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Hall, cities start LOST talks with big difference in opinion

Municipalities must agree on how to split sales tax collections

POSTED: August 13, 2012 2:01 p.m.

There’s a difference of about 17 percentage points in the amount of sales tax county officials think they’re entitled to and the amount leaders of Hall’s cities think the county should have.

County and city officials moved forward Monday with a negotiation on how to share the revenue from the Local Option Sales Tax.

The tax is meant to cut down on local government’s reliance on property tax revenue for daily operation.

The negotiation over its revenues occurs every 10 years following a national count of the population.

Local officials won’t meet publicly to discuss their proposals again until Aug. 28.

They have until Sept. 21 to come to an agreement on their own.

If no agreement is reached by that deadline, state law requires the governments to resolve the matter through mediation.

If no agreement can be reached there within 60 days, the matter will be decided in court.

"It’s like a family, and some of the most contentious arguments happen within families, but then they always come back together and people of goodwill can come to an agreement," Doug Eaves, the consultant representing the county government’s interests, said.

Eaves, in his pitch for the county on Monday, focused on services provided by the county that cities enjoy, including use of the county jail and the emergency dispatch center.

A representative for the cities — former Hall assistant administrator Phil Sutton — focused instead on the revenue that central business districts, largely located in cities, contribute to LOST.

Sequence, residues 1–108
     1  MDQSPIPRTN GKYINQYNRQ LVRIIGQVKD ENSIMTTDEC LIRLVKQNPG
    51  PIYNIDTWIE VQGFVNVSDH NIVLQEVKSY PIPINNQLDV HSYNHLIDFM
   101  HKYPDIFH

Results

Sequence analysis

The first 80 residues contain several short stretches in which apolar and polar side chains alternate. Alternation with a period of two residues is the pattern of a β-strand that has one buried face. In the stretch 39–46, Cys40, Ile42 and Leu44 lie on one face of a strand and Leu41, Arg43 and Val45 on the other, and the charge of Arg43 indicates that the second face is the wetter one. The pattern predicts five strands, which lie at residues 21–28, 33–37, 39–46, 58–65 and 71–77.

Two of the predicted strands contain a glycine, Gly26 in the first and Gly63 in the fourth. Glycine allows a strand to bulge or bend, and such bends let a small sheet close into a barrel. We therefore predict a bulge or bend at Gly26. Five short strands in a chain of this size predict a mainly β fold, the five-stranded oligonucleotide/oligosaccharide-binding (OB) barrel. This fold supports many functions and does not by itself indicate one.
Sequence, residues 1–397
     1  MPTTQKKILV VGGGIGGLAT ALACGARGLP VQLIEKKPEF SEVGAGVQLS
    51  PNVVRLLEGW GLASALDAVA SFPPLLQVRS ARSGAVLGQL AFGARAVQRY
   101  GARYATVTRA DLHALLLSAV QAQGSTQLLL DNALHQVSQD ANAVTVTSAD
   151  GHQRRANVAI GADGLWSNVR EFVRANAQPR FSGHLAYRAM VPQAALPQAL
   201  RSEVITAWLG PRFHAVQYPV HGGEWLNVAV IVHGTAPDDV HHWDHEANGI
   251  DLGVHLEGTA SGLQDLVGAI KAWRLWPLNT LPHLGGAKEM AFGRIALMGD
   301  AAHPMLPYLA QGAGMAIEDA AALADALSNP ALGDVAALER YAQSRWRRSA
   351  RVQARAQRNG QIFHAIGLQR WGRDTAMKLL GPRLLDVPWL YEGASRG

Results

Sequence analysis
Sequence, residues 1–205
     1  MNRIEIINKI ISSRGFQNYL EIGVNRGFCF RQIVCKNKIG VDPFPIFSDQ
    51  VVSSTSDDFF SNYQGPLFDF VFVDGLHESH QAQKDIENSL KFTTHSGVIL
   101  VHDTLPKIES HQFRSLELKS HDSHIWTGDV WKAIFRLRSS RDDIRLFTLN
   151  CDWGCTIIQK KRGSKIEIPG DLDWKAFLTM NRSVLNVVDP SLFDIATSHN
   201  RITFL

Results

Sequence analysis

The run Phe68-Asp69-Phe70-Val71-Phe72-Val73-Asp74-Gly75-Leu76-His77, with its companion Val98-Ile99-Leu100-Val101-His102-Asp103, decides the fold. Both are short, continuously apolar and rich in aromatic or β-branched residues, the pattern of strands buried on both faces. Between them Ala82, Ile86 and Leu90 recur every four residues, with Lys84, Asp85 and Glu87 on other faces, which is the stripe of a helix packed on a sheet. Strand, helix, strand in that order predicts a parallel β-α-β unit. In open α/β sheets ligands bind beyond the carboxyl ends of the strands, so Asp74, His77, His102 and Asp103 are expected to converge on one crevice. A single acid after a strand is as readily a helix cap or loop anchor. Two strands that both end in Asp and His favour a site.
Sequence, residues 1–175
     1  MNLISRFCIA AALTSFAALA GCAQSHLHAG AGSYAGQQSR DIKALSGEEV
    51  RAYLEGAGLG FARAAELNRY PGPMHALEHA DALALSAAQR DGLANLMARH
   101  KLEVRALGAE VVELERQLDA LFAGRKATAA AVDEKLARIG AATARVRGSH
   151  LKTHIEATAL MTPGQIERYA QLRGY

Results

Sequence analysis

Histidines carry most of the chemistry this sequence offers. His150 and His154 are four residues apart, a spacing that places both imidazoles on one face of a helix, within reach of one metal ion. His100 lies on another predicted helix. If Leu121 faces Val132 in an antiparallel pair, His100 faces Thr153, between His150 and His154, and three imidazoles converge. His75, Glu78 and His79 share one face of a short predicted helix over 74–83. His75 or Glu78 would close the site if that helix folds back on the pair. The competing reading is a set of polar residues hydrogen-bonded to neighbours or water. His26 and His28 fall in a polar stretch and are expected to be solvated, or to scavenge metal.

The county’s proposal included keeping about 75 percent of the revenue. The proposal increases the county’s share by about 0.2 percent.

It also proposed cutting Gainesville’s current share of the tax by nearly 2.5 percent, down to 17.39.

The county proposal also cuts the shares Lula, Gillsville and Clermont receive from the tax — all of which use the tax as the main source of operating revenue.

Of Hall’s seven municipalities that share in the tax revenue, Gainesville receives, by far, the largest share.

The county’s proposal seeks to increase shares for Buford, Braselton, Flowery Branch and Oakwood, with Buford and Flowery Branch seeing the largest growth.

The proposal offered up by the cities on the other hand, only seeks to cut the county share, increasing the municipalities’ stake by anywhere from 0.08 percentage points for Gillsville to 7.18 points for Gainesville.

Under the cities’ recommended sharing plan, the county government would receive 58.17 percent of the tax, compared with 75.49 percent it receives today.


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